Paul Dacre’s Top Writer Leaves The Daily Mail

Screenshot 2019-07-24 at 14.50.53.png

By Graham Johnson

Editor, Byline Investigates

THE DAILY Mail is to part ways with veteran diarist Peter McKay after 23 years, Byline Investigates can report.

McKay, the pen behind the paper’s proudly acerbic “Ephraim Hardcastle” column, took the decision to leave himself.

He will serve his final days at the end of this month, and is expected to be gone by March 1.

McKay, who is in his mid-seventies, is the first big writer to leave the Daily Mail after Paul Dacre’s editorship came to an end in August last year, and new editor Geordie Greig took over.

No pressure: Peter McKay (c) Colin Davey
No pressure: Peter McKay (c) Colin Davey

An insider said: “McKay took the decision to leave. He’s had a long run at the paper. His departure is planned. He was under no pressure to leave.”

Insiders at the Northcliffe House HQ suggest McKay’s departure will be the first in a series under Greig’s modernising agenda for the Daily Mail.

The middle-market tabloid is known for developing the country’s loudest anti-liberal voice under former editor Paul Dacre.

Dacre – who held McKay as a close friend and ally – still remains a force within Lord Rothermere’s company, as Chairman of the Daily Mail’s publisher Associated Newspapers.

Technically, Dacre is still Editor-in-Chief, looming over The Daily Mail, The Mail on Sunday and a stable of profitable smaller papers, including The Metro.

However, Dacre’s influence is said to be waning and he left the board of the paper’s holding company, The Daily Mail and General Trust, last year.

Byline Investigates has recently revealed that phone hacked data was passed onto the Mail on Sunday while Dacre was Editor-in-Chief, and contrary to what he told The Leveson Inquiry in 2012.

To date, Dacre has not corrected the testimony that he gave to the inquiry into press culture and ethics, and to similar probes in Parliament.

Insiders say McKay Peter McKay “is still good pals” with Dacre even though under Dacre his bylined column was reduced.

McKay carried on earning “old-school” Fleet Street wages for writing the Ephraim Hardcastle gossip diary.

McKay took the decision to exit voluntarily last month, after quietly announcing to colleagues that he was “ready to go” – something he had never said during his enduring high-flying tenure at the paper.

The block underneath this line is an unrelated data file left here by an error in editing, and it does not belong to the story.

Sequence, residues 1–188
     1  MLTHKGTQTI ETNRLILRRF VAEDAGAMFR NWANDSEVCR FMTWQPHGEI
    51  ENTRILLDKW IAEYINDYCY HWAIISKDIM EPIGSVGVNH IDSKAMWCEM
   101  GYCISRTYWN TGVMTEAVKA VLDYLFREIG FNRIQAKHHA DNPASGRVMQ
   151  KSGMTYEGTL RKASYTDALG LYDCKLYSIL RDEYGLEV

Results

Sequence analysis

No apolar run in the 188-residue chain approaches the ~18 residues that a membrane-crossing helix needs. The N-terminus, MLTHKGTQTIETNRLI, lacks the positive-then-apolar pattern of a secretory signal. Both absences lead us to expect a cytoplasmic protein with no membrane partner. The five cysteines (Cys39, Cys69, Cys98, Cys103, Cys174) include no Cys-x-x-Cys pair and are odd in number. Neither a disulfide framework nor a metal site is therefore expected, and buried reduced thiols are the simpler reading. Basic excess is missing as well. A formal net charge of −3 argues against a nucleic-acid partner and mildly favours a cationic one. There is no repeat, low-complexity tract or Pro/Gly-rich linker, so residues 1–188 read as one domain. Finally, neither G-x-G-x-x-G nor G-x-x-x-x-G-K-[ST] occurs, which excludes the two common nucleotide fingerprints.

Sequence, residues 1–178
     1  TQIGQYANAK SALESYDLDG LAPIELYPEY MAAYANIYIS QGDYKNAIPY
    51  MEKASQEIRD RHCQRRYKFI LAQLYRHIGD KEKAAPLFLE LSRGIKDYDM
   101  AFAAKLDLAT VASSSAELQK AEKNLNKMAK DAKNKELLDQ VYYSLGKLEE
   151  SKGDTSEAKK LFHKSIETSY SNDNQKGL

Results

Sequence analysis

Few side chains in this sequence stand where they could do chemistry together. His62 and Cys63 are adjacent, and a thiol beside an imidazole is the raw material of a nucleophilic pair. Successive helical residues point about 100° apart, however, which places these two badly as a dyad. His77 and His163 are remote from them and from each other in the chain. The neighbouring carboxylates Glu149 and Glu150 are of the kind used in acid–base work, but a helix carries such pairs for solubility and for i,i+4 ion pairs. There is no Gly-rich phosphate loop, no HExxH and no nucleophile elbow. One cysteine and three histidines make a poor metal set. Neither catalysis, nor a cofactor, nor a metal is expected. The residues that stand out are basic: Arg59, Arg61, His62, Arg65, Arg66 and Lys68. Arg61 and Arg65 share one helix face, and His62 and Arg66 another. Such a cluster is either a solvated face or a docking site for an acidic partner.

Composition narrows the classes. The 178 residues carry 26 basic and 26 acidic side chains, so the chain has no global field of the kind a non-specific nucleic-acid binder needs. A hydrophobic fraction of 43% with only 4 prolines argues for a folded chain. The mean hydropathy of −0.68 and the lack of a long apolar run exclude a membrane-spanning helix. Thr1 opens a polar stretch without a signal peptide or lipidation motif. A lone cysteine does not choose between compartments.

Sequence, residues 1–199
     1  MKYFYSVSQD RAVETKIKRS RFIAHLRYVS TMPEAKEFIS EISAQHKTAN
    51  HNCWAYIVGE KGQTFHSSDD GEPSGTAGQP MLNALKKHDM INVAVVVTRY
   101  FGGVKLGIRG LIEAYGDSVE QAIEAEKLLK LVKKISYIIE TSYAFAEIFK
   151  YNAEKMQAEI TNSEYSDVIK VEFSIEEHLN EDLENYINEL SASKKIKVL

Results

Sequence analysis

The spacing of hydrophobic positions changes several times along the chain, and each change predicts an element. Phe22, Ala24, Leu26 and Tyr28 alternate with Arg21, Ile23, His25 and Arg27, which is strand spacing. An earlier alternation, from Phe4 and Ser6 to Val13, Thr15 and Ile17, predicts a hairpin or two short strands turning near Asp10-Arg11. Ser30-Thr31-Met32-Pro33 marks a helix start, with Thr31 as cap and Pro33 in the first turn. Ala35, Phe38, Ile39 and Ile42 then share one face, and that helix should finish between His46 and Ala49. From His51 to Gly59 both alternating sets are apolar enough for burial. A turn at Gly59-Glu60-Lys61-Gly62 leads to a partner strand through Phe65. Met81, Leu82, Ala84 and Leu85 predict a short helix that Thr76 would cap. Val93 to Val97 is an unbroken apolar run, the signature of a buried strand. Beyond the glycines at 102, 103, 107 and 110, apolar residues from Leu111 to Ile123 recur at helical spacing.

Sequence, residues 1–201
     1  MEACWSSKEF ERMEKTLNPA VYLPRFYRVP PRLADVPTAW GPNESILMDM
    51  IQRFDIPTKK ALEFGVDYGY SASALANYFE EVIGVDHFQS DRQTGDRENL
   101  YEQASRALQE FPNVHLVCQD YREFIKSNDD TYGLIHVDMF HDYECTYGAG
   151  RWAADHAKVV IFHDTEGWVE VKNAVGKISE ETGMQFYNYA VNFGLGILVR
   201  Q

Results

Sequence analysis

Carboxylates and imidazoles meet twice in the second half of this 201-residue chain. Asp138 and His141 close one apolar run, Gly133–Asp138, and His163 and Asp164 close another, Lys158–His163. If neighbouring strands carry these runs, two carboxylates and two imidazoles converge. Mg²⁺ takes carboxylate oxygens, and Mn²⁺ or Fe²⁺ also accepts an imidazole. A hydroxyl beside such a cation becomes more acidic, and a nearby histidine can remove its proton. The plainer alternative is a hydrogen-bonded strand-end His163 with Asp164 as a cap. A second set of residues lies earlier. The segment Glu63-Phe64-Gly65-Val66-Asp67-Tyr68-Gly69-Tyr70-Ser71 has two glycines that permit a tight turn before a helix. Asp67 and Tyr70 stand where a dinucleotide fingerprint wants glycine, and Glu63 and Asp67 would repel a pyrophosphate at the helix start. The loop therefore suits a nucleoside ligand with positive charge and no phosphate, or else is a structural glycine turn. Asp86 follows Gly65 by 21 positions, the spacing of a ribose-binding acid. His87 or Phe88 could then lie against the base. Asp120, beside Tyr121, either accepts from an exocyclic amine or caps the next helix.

His smooth departure is in contrast to that of Tina Weaver, who was a fellow columnist at The Mail on Sunday sister paper.

Weaver was axed after Byline Investigates revealed that she was a prolific phone hacker during her previous job at The Sunday Mirror.

McKay is married to journalist, yoga writer and novelist Carla.

They have two children, James and Isobel, and live in rural Banbury, Oxfordshire.

The family have lived for a long time around the Warmington and Woodstock area, a retreat favoured by well-heeled London high-fliers.

Carla, a former Malvern Girls’ College pupil, got into yoga when she was 50, and is a film critic in the Saturday edition of The Daily Mail.

McKay has a previous wife called Helen.

In the 1990s and 2000s, McKay was a familiar face on London’s elite social scene, enjoying friendships with rich and powerful people.

He was a frequent guest at the parties thrown by The Spectator magazine, a favourite of right-wing writers, politicians, think tanks and intellectuals.

He was close to former Daily Mail film critic Alexander Walker, who died in 2003.

He was also friends with US businesswoman Tashi Lassalle, when she was recruitment consultant at top headhunter Heidrick & Struggles, and is now Director of Communications at The Church of England.

McKay was one of the first journalists to highlight the practice of fake news.

He told Reuters in 2008 that he had been aware of stunted-up pictures as a young reporter, and suggested that artifice and deception were part of journalism culture.

“Most news has been devised,” McKay said.

He explained that the structure of a story had been decided ahead of time and the journalist then sets out to assemble the elements that make the finished product possible.

“Newspapering is a business,” he said.

It’s “absolutely wrong,” he said, to think that newspapers have any sort of duty to society.

McKay added: “If the public are interested, it’s in the public’s interest.”